“We wanted to make the collections that we had more accessible, as well as to greatly increase them,” explains head gardener Nick Bailey, who, with a supporting cast of eight staff and 25 volunteers, built the Garden of Medicinal Plants in a scant five months from last November to March. Sourcing seed from more than 300 global botanical gardens took rather longer.
“We wanted to tell the stories of these medicinal plants and how they have touched our lives, how many of them have made the transition from hand-me-down cures to today’s regulated medicines, and how they are inextricably woven into our survival and our future.”
Aware that he needed to capture the public’s imagination, Bailey designed a garden that is as beautiful as it is functional, with paving of soft clay bricks, drystone walls and hand-made wooden medicine cabinets, labelled with gold script, that open to reveal detailed information about the plants. In the centre of the garden, crafted in willow by one of the freelance gardeners, is the global medicinal symbol, the serpent on the staff, his eyes a pair of glass doorknobs.
Every plant here has a role in the world of medicine past, present — and even the future, as in the Future Medicines Bed, which displays plants that have either just been licensed, or are currently under investigation. Petty spurge, or Euphorbia peplus, the annual weed that frequents all London gardens, pops up here too, but its place is intentional, as it has just been given the green light to treat skin cancers topically.
Banana and coconut palm add an exotic touch, and signify their important role in HIV/Aids research, while the hemp plant, Cannabis sativus, flourishes here because of its ability, via Sativex, a newly licensed product, to relieve symptoms of multiple sclerosis.
Some plants only put in an occasional appearance, but an X — a label — marks the spot, such as colchicum, the autumn-flowering crocus, that pops up for three weeks in the Cardiology Bed, in the expansive Pharmaceuticals section, to remind us of its role in reducing inflammation around the heart.
Flowering in the same bed is humble foxglove Digitalis purpurea, making the point that many of our important synthesised drugs have their roots in ancient folk medicine. In the late 18th century, Dr William Withering was able to regulate a form of digoxin from the seeds and leaves of digitalis after being advised of its heart-stimulating properties by a local folk healer. Digoxin, albeit a synthesised form, is widely used in modern medicine, thanks to that folk healer, who was persecuted as a witch.
Other plants have more than one property, and it helps to be clear about which does what. For instance, Ricinus communis, its russet foliage making a decorative feature in the Indian bed where the ancient Ayurvedic system rules, has a seed from which castor oil is extracted. The outer spiky red husk, however, is the source of ricin, one of the deadliest poisons known to man.
Other plants look innocent enough, like the pretty oleander which graces the Mediterranean bed, but which has been known to be toxic ever since the Roman army discovered, due to a mass poisoning of its troops, that the stems of oleander do not make suitable skewers for cooking meat. The additions of some plants are plain puzzling — surely the broad bean, sprouting merrily over in Neurology, got in by mistake? But Bailey explains that the amino acid L-dopa, found in the broad bean, is used to treat Parkinson’s disease.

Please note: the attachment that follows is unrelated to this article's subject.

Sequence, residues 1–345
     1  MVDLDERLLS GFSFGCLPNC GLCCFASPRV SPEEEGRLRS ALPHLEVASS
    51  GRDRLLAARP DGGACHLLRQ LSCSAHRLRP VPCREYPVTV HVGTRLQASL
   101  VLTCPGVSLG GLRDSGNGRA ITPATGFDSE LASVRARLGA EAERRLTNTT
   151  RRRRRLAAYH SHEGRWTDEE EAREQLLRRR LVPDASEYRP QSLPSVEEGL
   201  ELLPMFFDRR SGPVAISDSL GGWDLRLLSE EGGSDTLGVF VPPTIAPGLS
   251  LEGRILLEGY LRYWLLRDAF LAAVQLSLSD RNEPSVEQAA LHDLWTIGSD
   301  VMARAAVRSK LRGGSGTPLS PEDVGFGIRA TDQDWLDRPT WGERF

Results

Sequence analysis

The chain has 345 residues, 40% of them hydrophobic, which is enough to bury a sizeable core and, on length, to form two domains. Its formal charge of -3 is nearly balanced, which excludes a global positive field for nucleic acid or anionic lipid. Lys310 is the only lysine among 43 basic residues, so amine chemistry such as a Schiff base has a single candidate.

The Herbal Remedies bed, revelling in a warm, sheltered corner between the UK’s largest olive tree and a magnificent fruiting grapefruit tree, deserves this pride of place. Bailey explains that 80 per cent of the world’s population relies mainly on herbal medicine as a source of primary health care because it is cheap, traditional and easily accessible.
We might access our herbal cure-alls from health stores in handy tincture or pill form, but the plants in this bed, which include ginkgo, the top-selling herbal extract in Europe, Echinacea purpurea, valerian and ginseng, have been used as effective folk remedies for centuries.
The familiar yellow-flowered shrub Hypericum perforatum, or St John’s wort, is included because of its track record in relieving depression, but the more beautiful passiflora — the passionflower — has since been proven to be more effective, says Bailey.
Carrot’s feathery foliage appears here, too, because of its use as a skin tonic, but Bailey also adds that curiously, one of the most common admissions in British hospitals for plant poisoning is beta carotene poisoning, from eating too many carrots. Proof positive that all plants, and their extraordinary properties, need to be treated with reverence, caution and the utmost respect, as they are in this exceptional garden.
READERS EVENING AT THE CHELSEA PHYSIC GARDEN
Join a private tour of the Garden of Medicinal Plants and hear how it was built from its creator, the Chelsea Physic Garden’s head gardener, Nick Bailey. Our exclusive evening is on Thursday September 18 and starts at 6pm with a glass of Prosecco or elderflower cordial and a selection of canapes from Tangerine Dream.
At 6.30pm Bailey will give an introductory talk and at 7pm you will be taken on a tour of the different areas. The evening will finish at 8pm.
Tickets cost £12. To book your place, visit www.chelseaphysicgarden.co.uk/homesandproperty or call 020 7349 6468.